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Kissinger's phone calls show mastery of spin

London Times | Oct 22 2004

Transcripts of Henry Kissinger's phone calls while he served under the US presidencies of both Richard Nixon and Gerald Ford show that in his relations with the media he was the original master of spin.

The man known as Super K "schmoozed, spun and lectured" his way around the Washington media corps, winning the admiration of the journalists he was manipulating, according to a report in The New York Times.

Mr Kissinger's term in office started during the Vietnam War, and during one chaotic period he served simultaneously as both National Security Adviser, the job now occupied by Condoleeza Rice, and Secretary of State, the job now done by General Colin Powell.

The transcripts of 3,200 calls during this turbulent time have been released under the US Freedom of Information Act, and posted on the State Department's website.

Ted Koppel, a diplomatic correspondent with ABC News, told Mr Kissinger as he left office: "You are an intriguing man, and If I had a teacher like you earlier I might not have been so cynical... We are lucky to have had you."

The politician replied: "You have been a good friend."

Marvin Kalb, a correspondent with CBS, told him: "The only reason for this call was to tell you that despite all appearances in this city you still have some friends."

The politician said: "I cannot tell you how much I appreciate that."

Critics have claimed that Mr Kissinger prolonged the Vietnam war by ordering the bombing of Cambodia, encouraged the military coup that overthrew Chile's elected Government and brought General Augusto Pinochet to power, and supported right-wing dictatorships with poor human rights records when it suited his view of America's foreign policy interests.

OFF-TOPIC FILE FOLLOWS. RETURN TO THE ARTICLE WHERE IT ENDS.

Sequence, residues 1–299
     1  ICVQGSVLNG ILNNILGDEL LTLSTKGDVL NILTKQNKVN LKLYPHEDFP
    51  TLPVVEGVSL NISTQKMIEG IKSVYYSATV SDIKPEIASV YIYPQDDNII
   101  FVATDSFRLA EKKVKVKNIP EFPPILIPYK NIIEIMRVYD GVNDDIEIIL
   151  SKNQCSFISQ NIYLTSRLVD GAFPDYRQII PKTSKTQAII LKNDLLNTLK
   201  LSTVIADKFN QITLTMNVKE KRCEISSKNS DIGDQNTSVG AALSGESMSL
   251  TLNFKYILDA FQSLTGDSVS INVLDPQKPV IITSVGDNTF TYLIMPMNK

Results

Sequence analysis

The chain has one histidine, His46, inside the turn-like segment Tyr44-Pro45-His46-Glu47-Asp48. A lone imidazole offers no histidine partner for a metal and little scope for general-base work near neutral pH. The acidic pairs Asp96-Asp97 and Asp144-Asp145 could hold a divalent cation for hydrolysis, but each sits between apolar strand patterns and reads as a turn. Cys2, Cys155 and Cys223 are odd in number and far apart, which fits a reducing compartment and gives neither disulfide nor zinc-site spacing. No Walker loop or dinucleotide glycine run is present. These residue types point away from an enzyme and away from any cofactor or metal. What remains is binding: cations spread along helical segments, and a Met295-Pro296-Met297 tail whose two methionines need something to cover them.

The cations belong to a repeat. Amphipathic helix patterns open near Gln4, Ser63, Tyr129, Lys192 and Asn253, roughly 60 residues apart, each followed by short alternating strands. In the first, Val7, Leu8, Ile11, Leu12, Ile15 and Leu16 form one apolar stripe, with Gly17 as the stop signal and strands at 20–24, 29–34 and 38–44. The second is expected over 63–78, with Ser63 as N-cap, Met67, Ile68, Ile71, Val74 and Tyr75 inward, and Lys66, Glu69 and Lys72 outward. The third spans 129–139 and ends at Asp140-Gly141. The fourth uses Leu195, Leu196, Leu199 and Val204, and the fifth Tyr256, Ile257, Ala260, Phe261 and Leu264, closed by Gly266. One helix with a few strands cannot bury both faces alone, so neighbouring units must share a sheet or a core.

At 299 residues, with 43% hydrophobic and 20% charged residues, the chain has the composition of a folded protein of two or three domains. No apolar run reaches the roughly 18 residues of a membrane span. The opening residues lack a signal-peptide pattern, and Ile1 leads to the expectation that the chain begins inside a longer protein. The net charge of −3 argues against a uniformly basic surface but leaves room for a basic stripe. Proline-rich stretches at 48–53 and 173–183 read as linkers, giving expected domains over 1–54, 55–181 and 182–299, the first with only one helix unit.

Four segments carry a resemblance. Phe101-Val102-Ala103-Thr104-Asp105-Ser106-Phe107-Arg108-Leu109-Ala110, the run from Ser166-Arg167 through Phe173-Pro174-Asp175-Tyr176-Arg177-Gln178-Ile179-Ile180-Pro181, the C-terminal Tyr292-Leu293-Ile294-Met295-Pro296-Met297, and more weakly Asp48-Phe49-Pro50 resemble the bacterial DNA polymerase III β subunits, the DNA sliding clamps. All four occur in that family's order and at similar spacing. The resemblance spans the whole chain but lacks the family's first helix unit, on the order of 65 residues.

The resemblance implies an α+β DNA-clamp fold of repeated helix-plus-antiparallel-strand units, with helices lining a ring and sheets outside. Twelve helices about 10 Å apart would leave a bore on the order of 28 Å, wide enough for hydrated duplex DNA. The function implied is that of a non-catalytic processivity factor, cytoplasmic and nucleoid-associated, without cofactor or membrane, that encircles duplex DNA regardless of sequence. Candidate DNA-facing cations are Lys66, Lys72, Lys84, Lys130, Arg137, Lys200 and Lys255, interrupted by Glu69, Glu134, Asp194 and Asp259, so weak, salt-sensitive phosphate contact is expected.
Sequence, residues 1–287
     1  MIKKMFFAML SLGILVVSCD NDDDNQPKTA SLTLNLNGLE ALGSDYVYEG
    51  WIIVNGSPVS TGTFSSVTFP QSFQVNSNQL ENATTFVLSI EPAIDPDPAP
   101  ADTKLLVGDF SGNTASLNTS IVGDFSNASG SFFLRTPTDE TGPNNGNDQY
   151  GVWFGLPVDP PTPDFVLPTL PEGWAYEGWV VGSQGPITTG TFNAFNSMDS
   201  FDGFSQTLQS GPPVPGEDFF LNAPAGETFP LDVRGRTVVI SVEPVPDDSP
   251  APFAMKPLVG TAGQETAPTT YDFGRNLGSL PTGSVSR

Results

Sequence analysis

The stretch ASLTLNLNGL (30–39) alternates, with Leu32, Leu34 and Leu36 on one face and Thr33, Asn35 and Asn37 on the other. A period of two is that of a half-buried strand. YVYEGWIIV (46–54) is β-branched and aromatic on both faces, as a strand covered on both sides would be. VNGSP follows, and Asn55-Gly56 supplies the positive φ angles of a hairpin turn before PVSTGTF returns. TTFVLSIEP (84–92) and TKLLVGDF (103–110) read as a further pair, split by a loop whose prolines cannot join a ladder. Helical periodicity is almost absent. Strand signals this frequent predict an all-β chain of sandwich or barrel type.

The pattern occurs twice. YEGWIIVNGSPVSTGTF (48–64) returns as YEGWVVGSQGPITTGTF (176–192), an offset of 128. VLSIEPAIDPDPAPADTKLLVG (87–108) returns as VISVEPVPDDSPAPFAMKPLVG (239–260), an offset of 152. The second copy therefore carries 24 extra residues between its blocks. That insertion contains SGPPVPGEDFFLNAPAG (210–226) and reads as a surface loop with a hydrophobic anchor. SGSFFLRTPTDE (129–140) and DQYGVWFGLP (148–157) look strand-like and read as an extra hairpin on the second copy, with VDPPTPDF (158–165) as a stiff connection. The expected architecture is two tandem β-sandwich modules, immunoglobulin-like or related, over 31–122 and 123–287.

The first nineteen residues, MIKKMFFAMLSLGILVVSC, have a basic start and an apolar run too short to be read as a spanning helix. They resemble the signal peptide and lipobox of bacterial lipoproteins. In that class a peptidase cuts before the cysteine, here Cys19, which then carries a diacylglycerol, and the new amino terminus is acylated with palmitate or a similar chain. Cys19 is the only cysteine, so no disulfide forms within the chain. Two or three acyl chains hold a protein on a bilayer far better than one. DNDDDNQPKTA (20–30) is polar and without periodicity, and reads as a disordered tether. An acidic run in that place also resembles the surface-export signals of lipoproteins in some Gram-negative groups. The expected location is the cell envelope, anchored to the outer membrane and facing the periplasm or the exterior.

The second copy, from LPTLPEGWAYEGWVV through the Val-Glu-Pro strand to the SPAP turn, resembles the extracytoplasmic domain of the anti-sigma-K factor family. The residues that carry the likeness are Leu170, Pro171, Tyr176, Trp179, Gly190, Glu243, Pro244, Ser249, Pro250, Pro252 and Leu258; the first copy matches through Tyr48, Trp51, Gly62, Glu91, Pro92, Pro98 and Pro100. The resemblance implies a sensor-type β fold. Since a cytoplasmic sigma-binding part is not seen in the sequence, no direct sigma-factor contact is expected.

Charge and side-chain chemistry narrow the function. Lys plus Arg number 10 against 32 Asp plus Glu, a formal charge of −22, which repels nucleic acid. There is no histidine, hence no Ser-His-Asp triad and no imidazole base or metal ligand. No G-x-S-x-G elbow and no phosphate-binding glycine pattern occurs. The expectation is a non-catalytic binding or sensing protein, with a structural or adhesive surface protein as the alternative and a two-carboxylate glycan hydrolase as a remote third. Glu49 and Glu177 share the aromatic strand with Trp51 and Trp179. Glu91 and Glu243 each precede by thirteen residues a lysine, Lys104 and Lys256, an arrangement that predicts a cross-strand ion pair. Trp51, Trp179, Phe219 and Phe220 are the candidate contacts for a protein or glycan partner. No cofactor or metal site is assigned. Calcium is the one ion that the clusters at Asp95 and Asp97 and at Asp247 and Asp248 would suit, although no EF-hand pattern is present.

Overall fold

Despite his reputation for ruthlessness, Mr Kissinger is nonetheless a past winner of the Nobel Peace Prize.

His many supporters point to the skill with which he brokered the international power balance, negotiating America's detente with Russia and China, its two greatest threats.

Elsewhere in the phone call transcripts Mr Kissinger shows his powers of flattery and persuasion, says the New York Times, when he tells one hard-hitting newspaper columnist: "I speak to you frankly because I know you are a decent man who uses whatever information he gets as fairly as you know how."

He flirts with Sally Quinn of the Washington Post, telling her: "It would be suicidal to talk to you," then proceeding to do so at length.

And in a 1974 call to Hugh Sidey of Time magazine, he begins: "I'm calling you because you are the man I trust most."

Unbeknown to the journalists, their every word was being taken down by Mr Kissinger's secretary. The journalists who were the targets of such spin-doctoring are today somewhat embarrassed.

Mr Kalb excused himself, saying he had been bedridden and medicated for back pain when he made his fawning phone call.

Mr Koppel said he should be judged not by the things he said to get into a politician's good books, but by the tone of his television coverage. He added that he wasn't surprised he had been secretly taped.

"Hey, this was the Watergate era," he said.




 

 

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